Trying to get on with my life after this break up. Thoughts about my ex come up again and again and I feel lots of pain in relation to this stuff. I've been coping by trying to 'man up' and improve myself - lifting to gain muscle (and exercise in general), meditating, cutting down on alcohol, investing time in my hobbies, etc. I'm realizing though, that I am not being vulnerable - I basically just cut myself off from thinking about her or feeling what I need to. I want to power through so that she doesn't 'win the break up'. She is a hard worker and, to me, way out of my league. She has more friends than me, is more active socially, is really pretty and bubbly, etc. She's probably gone on dates since we've broken up, and I haven't. Truth be told, I'm quite self concious about all of this and have had trouble admitting it. I'm essentially the loser ex.

If I am totally honest with myself, I miss her. I fell for her pretty hard at the beginning of our relationship. Later on, I realized that we weren't good for eachother in the long run. We were both holding eachother back. She ended it, but I had been planning to end it. It's a funny thing - I feel sorry about the entire situation and miss her, yet I also wanted to end it. There is a polarity in there and it smells like hypocrisy. I miss her and yet wanted to leave her. I think of her and either feel l am missing out on a great human connection, or that I dodged a major bullet.


Root cause(?):

I think most of this stems from a huge inferiority complex I have. I am not sure where it comes from. I think it has something to do with my height (I'm 5'6) and the fact that I was always told to continualy improve myself when I was young. I'm not the manly guy I wish I was - I am awkward in certain social situations, I am quite sensitive emotionally and cry often, I stutter on occasion, I make dumb mistakes at work, I am not super musclar or socially smooth or smart or particularly good in any of my hobbies. I want to be this emotionally unshakeable Renaissance man who makes other people jealous essentially. I want people to meet me and wonder how on earth I do all the stuff that I do with proficiency. I want validation from others in the form of romantic relationships or just sex. I want to be attractive and successful. I don't want to be the loser ex.

Yet I am not any of that. I am ordinary. But lately, 'ordinary' has seemed so refreshing. The concepts I hold about being some perfect version of myself are pretty damaging and holding me back from being happy or even attempting to step out of my comfort zone. On one hand, that drive is getting me to improve myself which is empowering, but there is a lot of mental torture associated with it. The perfect version of myself isn't allowed to mess up and make mistakes. He has to be manly and unshakeable and cool like James Bond. He has to be interesting like Picasso and well rounded like Da Vinci. Yet, the ordinary humanity, the tough emotions, the awkwardness and embarassment I feel are all at odds with this idealized self.

I really want to just live from that ordinary, vulnerable place. I want to be able to be sensitive and emotional. I want to be allowed to be awkward or to make mistakes. To be a bumbling idiot. To come to terms with my humanity even if it is embarrassing. I'm not manly at all, and I shouldn't have to try and fit myself in that box or feel bad when I don't.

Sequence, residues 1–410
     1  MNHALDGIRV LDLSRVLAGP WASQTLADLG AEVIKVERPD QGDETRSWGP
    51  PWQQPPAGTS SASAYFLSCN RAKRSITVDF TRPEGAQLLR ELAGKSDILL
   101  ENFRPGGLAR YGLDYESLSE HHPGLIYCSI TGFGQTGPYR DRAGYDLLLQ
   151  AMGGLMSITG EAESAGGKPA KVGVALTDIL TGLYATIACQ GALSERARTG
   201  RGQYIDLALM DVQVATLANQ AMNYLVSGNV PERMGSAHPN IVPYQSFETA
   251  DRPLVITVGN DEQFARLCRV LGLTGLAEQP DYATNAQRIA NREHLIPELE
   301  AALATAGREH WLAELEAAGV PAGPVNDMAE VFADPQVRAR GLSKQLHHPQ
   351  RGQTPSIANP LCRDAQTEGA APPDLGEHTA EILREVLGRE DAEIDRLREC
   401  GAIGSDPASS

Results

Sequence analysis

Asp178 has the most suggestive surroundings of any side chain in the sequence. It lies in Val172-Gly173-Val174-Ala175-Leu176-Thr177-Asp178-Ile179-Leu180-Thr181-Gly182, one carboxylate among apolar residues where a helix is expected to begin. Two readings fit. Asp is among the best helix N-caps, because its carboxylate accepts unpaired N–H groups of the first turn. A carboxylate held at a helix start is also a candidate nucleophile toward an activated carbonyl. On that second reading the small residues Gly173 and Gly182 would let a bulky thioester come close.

It's alright Alex. You're doing fine. You're allowed to miss your ex. You're allowed to be bad at talking to women. You're allowed to lack confidence. You're allowed to feel bad about being short. You're allowed to have an inferiority complex. You're allowed to 'be behind' in life. You're allowed to not be manly. You're allowed to cry. You're allowed to be a hypocrite. 


Practice:

I need to open to holding concepts and ideas that are polarities. I need to be open to feeling like a hypocrite and experiencing cognitive dissonance. I need to be open to being vulnerable and really feel into the emotional pain that comes up. I need to be open to feeling like a bumbling idiot. I need to come to terms with my basic, embarrassing, awkward humanity and learn to love myself.

I'll practice more Metta. I'll practice being more open to experiencing difficult emotions and allowing myself to cry (cultivating acceptance). I've already cried this morning so I'm already teasing something out.

As all this heart centered stuff unfolds, I'd still like to continue with the self improvement (exercise, hobbies, diet, sleep, meditation, etc.), but do so in an ordinary way. Not to be an idealized self, but because these things are healthy for body and mind.

The fact of the matter is, I've been avoiding doing any of this emotional work and trying to get around it. As a result, I've been getting hung up emotionally and held back spiritually.

I'm not okay today but that is okay. Life is good even when it is bad. I'm learning.

RE: Hibiscus Kid's Log #2
Answer
11/4/19 2:55 PM as a reply to Hibiscus Kid.
The perfect version of myself isn't allowed to mess up and make mistakes. He has to be manly and unshakeable and cool like James Bond. He has to be interesting like Picasso and well rounded like Da Vinci. Yet, the ordinary humanity, the tough emotions, the awkwardness and embarassment I feel are all at odds with this idealized self.

I'm sorry you're going through this very rough period, but I would ask you to consider that you aren't the "loser ex" at all. I'd say you've already won because this situation is helping you see the folly of what your mind is doing - trying to convince you that you can be unflappable, uber-competent and manly all the time. Think of how much energy that takes! Now you can begin to drop all that and just be human.